In “Think Before You Like,” Poway journalist Guy Harrison explores the effects of social media on our brains and on our lives. He writes about filter bubbles, confirmation bias, “fake news,” and the need for everyone to be more careful while exploring the digital world. Q: Why did you write this book? A: I saw a great need for it. For years and years — this is my seventh book — I’ve been doing my best to try to promote science and reason for everyone.
In his new Sigma Force thriller, James Rollins mixes some Dan Brown (“The Da Vinci Code”) with some Michael Crichton (“Jurassic Park”) for a story about a team of scientists wiped out by something mysterious on an island off Brazil. Wiped out except for one entomologist, an expert on venomous creatures from Cornell.
Hundreds of people came to the Town and Country Convention Center in Mission Valley Saturday, continuing a holiday tradition rooted in love for a professional football team that no longer calls San Diego home. No Chargers? No matter — at least not when it comes to donating blood. “There’s still the need,” said Joe Lunsford, an El Cajon resident who was among the first to get the needle. “You’re still helping out your community.”For 38 years, it was known as the Chargers Blood Drive.
Muck Rack makes it simple to find people, tweets, or articles that mention any name, keyword, company, hashtag etc. We've compiled this guide to help you make the most of your search.
Selecting a term
Start searching tweets, articles from media outlets, articles mentioned in tweets, journalists'
names, titles and bios with some suggested searches:
Companies or Topics (e.g. iPhone, Microsoft)
Phrases (e.g. "cloud computing") — use quotes to keep the terms together
Twitter handles (e.g. @username) — returns those who have mentioned or replied to
Names (e.g. "David Pogue")
Hashtags (e.g. #sxsw, #london2012)
Bio details (e.g. vegan, Olympics, father)
Muck Rack's Advanced Search allows for many boolean operators.
Find results that mention multiple specified terms, use AND or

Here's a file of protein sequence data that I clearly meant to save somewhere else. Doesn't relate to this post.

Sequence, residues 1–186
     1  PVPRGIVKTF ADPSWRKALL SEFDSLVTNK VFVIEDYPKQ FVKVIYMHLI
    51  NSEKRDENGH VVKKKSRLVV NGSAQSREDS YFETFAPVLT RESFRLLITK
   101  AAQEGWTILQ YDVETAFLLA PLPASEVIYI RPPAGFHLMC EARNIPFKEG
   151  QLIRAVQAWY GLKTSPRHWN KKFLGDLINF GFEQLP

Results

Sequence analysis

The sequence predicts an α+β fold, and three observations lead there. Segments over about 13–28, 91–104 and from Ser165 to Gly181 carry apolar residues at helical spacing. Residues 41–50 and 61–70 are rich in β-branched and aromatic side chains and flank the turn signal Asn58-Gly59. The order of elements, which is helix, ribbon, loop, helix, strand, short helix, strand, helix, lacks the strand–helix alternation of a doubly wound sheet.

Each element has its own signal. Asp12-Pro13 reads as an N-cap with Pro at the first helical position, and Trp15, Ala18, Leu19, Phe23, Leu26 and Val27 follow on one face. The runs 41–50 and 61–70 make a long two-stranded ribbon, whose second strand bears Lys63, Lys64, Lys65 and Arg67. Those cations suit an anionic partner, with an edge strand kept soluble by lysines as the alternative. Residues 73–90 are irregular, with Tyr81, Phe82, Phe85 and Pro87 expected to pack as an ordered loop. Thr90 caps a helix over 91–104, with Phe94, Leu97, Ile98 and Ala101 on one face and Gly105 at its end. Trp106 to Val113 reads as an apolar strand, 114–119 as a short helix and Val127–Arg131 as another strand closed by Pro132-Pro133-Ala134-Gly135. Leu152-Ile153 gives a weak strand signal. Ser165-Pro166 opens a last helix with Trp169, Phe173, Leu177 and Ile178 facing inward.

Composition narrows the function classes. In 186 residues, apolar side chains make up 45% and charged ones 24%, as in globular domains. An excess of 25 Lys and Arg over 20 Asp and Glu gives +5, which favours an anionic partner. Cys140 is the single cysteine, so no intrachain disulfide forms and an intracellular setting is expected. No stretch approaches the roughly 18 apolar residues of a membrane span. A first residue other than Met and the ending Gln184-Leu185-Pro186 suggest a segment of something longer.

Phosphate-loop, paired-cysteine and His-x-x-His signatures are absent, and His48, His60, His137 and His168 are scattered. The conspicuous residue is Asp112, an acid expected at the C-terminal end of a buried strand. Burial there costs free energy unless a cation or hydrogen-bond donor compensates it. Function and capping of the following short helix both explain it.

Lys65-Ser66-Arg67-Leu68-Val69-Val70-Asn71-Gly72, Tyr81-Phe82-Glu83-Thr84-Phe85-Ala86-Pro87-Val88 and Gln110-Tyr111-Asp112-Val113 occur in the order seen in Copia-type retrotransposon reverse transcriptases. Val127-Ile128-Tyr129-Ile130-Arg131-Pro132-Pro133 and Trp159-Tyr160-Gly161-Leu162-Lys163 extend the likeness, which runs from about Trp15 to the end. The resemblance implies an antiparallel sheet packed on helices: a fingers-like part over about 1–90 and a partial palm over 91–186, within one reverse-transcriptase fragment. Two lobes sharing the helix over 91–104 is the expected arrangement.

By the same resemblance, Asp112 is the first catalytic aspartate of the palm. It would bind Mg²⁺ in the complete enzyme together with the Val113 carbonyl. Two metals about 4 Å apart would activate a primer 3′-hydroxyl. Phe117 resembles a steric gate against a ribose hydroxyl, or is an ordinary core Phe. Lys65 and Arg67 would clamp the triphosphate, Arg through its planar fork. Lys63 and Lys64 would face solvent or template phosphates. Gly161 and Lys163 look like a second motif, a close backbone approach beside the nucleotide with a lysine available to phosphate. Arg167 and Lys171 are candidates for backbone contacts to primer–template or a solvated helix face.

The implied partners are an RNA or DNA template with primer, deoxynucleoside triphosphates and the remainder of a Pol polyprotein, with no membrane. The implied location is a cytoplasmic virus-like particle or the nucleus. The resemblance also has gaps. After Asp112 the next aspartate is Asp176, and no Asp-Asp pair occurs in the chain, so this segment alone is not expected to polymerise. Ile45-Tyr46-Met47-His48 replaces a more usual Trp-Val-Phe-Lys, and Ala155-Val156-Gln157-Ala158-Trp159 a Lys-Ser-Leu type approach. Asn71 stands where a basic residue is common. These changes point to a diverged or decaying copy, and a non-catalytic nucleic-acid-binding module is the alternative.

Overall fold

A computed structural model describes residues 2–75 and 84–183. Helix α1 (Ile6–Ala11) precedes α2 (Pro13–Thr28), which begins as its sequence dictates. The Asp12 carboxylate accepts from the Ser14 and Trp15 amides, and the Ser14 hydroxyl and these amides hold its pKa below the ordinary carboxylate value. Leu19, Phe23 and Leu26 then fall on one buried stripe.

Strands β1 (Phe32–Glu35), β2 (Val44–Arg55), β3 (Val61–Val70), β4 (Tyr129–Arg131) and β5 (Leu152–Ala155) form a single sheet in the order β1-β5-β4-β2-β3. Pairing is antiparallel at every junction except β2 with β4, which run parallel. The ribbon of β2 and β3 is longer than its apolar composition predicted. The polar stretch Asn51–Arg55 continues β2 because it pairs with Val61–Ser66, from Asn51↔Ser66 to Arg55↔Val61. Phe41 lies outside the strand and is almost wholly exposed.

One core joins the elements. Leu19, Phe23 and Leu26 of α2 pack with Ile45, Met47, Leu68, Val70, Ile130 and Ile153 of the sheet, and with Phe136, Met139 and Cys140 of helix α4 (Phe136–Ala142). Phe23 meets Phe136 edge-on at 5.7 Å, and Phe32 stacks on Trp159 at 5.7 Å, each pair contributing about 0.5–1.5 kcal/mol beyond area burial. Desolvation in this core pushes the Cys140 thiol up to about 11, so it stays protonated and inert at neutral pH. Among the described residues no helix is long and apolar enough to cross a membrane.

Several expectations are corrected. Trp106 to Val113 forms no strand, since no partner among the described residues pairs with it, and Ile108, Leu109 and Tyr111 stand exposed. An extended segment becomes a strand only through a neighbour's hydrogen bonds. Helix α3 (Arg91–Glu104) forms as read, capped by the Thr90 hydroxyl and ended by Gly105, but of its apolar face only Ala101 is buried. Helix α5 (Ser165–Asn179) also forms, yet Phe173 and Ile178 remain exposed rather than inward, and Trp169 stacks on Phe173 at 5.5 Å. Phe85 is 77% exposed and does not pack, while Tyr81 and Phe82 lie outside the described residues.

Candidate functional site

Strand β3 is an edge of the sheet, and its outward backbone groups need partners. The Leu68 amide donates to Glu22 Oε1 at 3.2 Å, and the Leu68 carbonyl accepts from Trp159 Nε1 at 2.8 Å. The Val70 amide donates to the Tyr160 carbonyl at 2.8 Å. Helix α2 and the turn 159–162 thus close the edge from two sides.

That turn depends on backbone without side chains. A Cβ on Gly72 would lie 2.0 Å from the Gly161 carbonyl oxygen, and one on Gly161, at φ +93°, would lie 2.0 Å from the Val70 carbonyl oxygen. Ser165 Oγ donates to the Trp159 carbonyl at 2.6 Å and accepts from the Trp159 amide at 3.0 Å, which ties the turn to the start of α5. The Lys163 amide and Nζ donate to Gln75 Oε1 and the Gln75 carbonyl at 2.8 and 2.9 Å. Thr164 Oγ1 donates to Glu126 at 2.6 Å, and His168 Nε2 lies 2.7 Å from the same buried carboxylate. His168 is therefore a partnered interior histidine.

+. For example, ensure each result contains both Elon Musk and Mark Zuckerberg by
searching Musk AND Zuckerberg or Musk + Zuckerberg.
Use the operators OR or , to broaden your search when you'd like either of
multiple terms to appear in results. (This is the default behavior of our search when no operators
are used). For example, results will contain either cake or cookie by searching cake OR cookie or cake,cookie
Use NOT or - to subtract results from your search. For
example, searching Disney will yield results about the Walt Disney Company as well as Walt Disney
World Resort. To exclude mentions of Disney World, search for Disney -World or Disney
When using one of these operators with a phrase, enclose it in quotation marks. For example, you can
find results about smartphones excluding Apple's iPhone 4S by searching smartphone -"iPhone
Exact case matching or punctuation
If you're searching for a brand name or keyword that relies on specific punctuation marks or capitalization, you can
find results that match your exact query by adding matchcase: before the keyword you're searching for, like matchcase:E*TRADE .
Use parentheses to separate multiple
boolean phrases. For example, to find journalists talking about having fun in Disney World or
Disneyland, search for ("disney world" OR disneyland) AND fun.
An asterisk can be used to search for any variation of a root word truncated by the asterisk. For example, searching for admin* will return results for administrator, administration, administer, administered, etc.
A near operator is an AND operator where you can control the distance between the words. You can vary the distance the near operation uses by adding a forward slash and number (between 0-99) such as strawberries NEAR/10 "whipped cream", which means the strawberries must exist within 10 words of "whipped cream".